The former Cobblers chairman has denied accusations of deliberately withholding concerns over the way a company was handling the Sixfields development so he could profit himself.
David Cardoza has resumed giving evidence on the seventh day of the High Court case between Northampton Borough Council and three members of the Cardoza family.
The borough says the former Northampton Town owners breached the terms of a £10.25million loan to Northampton Town in 2013 and 2014 by receiving “circular payments” for themselves - rather than spending the funds on the intended stadium development.
Today it was put to Mr Cardoza that he failed to warn the council over his fears the loan money was being misused by the development firm County Group.
James Morgan QC said the former chairman allowed for two sets of the loan money to be passed onto the developers in April and May 2014 totalling £3 million - even though the Cardozas were worried about the pace of the development.
Delays to the East Stand, they predicted at the time, would hit the club’s revenue by up to £500,000, the court heard.
Then in July, a further £1.25 million was passed onto a County Group firm to launch the hotel development.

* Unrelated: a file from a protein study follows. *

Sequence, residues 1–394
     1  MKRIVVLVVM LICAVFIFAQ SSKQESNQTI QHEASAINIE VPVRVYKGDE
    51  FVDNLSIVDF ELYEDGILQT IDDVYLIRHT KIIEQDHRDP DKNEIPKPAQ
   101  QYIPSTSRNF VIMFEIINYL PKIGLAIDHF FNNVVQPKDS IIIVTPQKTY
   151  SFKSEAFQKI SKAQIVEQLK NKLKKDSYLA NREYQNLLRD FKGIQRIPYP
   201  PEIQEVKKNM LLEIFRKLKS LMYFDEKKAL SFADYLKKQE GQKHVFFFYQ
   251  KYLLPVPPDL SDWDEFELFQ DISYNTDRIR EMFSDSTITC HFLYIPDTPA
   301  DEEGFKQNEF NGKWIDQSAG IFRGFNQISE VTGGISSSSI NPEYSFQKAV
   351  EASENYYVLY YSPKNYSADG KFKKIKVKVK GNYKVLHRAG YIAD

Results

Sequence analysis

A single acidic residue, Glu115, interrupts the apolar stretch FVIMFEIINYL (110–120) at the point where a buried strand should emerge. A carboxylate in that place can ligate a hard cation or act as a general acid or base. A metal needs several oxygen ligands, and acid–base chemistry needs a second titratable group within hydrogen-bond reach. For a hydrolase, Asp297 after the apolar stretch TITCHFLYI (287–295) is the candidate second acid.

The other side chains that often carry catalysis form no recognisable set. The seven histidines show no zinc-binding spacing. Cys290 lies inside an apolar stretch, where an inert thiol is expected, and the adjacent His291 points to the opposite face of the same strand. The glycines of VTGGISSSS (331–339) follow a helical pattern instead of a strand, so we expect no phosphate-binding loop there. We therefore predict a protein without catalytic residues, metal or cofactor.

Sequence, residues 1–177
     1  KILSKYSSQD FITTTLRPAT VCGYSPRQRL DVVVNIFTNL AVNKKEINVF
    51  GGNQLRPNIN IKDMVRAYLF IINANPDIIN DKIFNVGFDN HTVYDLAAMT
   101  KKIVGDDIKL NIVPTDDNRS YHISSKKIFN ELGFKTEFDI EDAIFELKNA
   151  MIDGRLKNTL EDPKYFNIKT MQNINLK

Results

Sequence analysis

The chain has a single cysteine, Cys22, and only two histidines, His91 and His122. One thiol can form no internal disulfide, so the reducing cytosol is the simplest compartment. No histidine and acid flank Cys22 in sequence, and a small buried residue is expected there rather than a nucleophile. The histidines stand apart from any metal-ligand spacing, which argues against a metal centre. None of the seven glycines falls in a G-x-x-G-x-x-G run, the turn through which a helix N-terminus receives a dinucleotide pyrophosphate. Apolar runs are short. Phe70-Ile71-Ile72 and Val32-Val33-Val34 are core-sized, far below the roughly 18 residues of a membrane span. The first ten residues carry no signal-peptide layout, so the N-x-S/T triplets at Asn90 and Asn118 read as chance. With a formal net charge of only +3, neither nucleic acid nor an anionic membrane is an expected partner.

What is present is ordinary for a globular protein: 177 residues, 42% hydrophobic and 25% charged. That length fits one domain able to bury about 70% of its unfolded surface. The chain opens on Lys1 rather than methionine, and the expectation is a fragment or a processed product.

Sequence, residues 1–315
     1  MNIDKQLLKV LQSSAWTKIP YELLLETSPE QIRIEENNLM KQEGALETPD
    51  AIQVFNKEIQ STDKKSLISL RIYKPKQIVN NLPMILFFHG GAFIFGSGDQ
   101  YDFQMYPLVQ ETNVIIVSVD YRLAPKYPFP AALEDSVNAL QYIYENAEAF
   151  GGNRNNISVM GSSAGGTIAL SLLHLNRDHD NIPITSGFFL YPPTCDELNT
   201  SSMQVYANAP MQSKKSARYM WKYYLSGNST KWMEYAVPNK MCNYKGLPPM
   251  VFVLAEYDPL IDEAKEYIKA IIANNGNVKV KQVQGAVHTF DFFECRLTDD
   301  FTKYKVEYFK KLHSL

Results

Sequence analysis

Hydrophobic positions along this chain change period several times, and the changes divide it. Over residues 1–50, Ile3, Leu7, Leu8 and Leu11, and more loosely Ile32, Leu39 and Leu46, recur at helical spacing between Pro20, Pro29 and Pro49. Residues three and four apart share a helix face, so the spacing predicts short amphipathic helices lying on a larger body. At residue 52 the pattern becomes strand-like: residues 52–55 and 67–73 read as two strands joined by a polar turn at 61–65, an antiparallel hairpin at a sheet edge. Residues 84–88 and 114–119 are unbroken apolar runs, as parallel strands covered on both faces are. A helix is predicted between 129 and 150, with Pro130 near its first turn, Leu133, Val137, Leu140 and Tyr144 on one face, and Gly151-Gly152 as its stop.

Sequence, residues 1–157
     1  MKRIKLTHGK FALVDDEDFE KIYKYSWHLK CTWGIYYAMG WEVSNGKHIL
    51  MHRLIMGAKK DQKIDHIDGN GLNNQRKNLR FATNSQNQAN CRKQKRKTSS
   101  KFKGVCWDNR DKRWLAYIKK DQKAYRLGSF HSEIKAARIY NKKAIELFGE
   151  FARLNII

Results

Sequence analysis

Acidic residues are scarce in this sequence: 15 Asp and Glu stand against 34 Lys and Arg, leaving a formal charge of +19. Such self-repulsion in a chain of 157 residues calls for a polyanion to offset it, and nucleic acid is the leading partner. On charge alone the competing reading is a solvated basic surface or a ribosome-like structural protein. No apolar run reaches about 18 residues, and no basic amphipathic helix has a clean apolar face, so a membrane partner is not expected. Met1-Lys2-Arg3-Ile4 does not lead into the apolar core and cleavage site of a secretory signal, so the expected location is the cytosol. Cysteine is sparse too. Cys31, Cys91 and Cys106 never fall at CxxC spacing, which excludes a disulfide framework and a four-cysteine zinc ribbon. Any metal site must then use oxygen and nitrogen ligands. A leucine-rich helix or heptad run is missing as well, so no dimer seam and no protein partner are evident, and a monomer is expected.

David Cardoza later told his solicitors that in July he “did not trust them (County Group)" and was “very suspicious over what had happened with the fund”.
Within one working day of that money being sent to County Group, the football club received £600,000 back.
About £300,000 of that was then paid out to David Cardoza and his father, the hearing was told.
“Did you, at any point tell the council of your suspicion that this company had been misusing stadium loans,” asked James Morgan QC for the council.
“From the drawdown, no, correct,” replied Mr Cardoza.
Mr Morgan added: “You kept quiet didn’t you Mr Cardoza so that, if there was a drawdown of money you would get some back from it?”
“No,” responded the former chairman. “How are these things going to get built and done if money was just being taken out? It’s non-sensical”.
Mr Cardoza later responded that the £166,000 he received was part of his salary.
“I had to live myself,” he said. “It was my salary. I had bills and children and mortgages and all sorts and house works and everything else.”
The hearing continues